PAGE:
Disliking to Disagree


    Decentralised information exchange within social networks is an important channel shaping public opinion in the digital era. This type of information source is however, by no means bias free.


    Individuals are, in fact, not willing to talk equally easily about all topics, are not equally willing to disclose all facts or opinions and are not equally likely to talk to everyone. A 2016 poll run by “CareerBuilder” showed that 42% of respondents avoid talking politics at the office, while 44% might be willing to talk about it but would interrupt the conversation if it becomes heated. 


    Our paper is a first step in investigating perceived disagreement aversion as a behavioural trait driving informational biases arising in social networks. We suggest a formalisation of perceived disagreement aversion and analyse its consequences for the incentives to share verifiable information with other agents which may have different prior beliefs. We study a simple model of information sharing. Two individuals face each other and are aware of each other’s prior beliefs, which typically differ (is climate change human caused? Is high taxation conducive to lower growth?). One of the individuals holds a piece of relevant and verifiable information. Given their aversion to perceived disagreement, will the informed individual always be willing to disclose the information, or will they prefer to conceal it?  



    A first finding is that the amount of information transmission in equilibrium can be characterised based on differences in simple statistics (mean and variance) of the prior beliefs of the parties involved. Specifically, similar variances and moderately different means are conducive to maximal information sharing. This suggests information sharing incentives are best when individuals have different prior opinions but a similar willingness to revise their opinion (a similar level of confidence in their prior opinion).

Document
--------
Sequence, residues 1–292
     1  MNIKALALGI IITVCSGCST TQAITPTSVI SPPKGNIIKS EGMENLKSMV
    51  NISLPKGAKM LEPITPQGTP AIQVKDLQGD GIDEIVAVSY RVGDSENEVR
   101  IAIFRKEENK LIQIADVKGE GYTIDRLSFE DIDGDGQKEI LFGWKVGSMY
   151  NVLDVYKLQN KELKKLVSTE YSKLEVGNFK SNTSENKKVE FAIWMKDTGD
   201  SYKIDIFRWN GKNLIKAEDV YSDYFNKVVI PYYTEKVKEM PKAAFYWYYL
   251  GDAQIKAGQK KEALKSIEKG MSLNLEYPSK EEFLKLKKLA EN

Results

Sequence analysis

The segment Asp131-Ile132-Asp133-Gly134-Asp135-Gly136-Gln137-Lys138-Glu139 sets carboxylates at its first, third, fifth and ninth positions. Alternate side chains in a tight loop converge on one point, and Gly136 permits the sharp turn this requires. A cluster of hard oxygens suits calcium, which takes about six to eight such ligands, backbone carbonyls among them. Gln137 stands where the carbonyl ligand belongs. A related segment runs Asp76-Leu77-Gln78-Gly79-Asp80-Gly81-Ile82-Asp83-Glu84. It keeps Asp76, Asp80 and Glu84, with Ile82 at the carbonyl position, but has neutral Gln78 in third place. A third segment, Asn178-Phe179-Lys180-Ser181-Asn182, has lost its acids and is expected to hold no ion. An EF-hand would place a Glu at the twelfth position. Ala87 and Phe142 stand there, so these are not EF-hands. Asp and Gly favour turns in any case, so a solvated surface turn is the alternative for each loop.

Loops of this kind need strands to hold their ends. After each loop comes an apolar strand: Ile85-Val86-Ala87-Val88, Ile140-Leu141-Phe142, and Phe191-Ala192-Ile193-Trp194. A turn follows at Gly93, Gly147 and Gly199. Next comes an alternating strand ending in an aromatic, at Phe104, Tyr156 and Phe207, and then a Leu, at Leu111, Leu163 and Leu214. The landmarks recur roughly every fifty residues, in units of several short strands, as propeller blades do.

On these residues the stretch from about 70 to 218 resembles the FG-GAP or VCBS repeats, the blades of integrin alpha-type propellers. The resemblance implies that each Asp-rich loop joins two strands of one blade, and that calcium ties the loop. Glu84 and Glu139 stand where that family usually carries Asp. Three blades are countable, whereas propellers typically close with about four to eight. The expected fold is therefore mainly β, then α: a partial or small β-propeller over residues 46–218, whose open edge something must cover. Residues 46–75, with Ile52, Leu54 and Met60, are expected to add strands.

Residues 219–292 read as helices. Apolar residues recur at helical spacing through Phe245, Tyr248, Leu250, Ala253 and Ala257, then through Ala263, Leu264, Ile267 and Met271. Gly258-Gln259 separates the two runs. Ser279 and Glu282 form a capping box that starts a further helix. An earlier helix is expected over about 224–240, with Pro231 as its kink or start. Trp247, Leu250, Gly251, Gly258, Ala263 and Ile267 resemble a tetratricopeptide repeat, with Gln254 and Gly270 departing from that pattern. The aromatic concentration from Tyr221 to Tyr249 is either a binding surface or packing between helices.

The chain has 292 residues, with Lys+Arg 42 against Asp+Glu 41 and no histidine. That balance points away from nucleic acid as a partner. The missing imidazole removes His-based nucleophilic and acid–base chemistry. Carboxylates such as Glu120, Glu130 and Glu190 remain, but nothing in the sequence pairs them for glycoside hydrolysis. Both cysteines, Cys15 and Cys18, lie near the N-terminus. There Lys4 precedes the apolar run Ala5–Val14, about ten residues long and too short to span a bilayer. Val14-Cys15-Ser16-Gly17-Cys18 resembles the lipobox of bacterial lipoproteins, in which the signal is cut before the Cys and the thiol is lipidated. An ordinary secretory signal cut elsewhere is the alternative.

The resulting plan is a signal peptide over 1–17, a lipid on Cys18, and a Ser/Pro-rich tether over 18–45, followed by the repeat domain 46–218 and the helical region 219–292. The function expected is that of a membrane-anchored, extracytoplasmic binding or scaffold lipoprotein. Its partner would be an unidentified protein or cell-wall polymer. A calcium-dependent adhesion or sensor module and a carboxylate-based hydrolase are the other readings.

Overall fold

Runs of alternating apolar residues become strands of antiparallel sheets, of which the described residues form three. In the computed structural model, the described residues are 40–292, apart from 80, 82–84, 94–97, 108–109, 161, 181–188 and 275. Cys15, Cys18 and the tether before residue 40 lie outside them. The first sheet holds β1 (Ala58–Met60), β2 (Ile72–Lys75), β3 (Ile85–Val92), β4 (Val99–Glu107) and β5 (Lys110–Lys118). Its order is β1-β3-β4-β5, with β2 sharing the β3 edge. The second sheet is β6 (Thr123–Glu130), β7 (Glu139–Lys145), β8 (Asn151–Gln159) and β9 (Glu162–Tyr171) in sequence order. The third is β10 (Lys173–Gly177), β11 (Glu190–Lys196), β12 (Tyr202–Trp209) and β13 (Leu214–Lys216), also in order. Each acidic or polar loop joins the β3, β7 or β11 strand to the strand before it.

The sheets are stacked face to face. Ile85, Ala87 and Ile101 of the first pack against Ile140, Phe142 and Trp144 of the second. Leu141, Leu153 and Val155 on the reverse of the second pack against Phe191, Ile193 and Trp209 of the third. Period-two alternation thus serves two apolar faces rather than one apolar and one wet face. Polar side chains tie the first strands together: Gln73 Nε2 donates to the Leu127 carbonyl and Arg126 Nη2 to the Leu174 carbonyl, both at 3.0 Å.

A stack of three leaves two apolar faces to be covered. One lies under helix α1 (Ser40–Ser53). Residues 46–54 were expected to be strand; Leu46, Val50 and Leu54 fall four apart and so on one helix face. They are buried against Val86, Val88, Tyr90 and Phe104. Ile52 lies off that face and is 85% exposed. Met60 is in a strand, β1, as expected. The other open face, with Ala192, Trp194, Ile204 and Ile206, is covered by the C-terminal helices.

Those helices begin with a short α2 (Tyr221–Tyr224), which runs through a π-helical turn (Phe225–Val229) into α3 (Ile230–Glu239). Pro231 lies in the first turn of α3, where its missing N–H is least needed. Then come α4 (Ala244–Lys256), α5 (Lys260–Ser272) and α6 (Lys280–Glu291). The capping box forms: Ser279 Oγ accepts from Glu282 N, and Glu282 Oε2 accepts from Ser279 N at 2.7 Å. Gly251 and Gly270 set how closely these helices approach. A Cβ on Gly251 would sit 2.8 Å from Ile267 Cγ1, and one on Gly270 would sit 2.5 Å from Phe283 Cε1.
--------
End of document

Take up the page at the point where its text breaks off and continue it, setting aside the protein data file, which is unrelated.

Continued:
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    Second, we demonstrate that perceived disagreement aversion generates echo chamber-like dynamics. If receivers of information are randomly matched with senders of information and priors are publicly observed, a more confident receiver is less likely to encounter contradicting information. We show that confirmatory bias, in this case the need to search for favour, is strengthened if senders, who dislike disagreement, can choose whom to be matched with. Senders will, in this case, only interact with receivers whose prior opinion is similar to their own.  


    Furthermore, we evaluate the phenomenon of political correctness. In our baseline model the sender aims at being "politically correct," signals and information that will reduce perceive disagreement. There is an ongoing debate about the value of such self-censorship. Linking to this debate, we evaluate the value of commitment to a full disclosure strategy and find that if the sender is the most confident party, then equilibrium disclosure by a perceived disagreement averse sender induces higher perceived disagreement on average than commitment to a full disclosure strategy. 


    Finally, we extend our agenda to the study of information generation in groups. We consider a game of collective acquisition of information by individuals who are all averse to perceived disagreement. Though the game is strategically different from our disclosure game, it addresses a similar problem of learning in (two person) groups with different prior beliefs. We find that moderate heterogeneity in prior opinions (prior means) and homogeneity in prior willingness to revise opinions (prior means) optimally incentivises information acquisition. 


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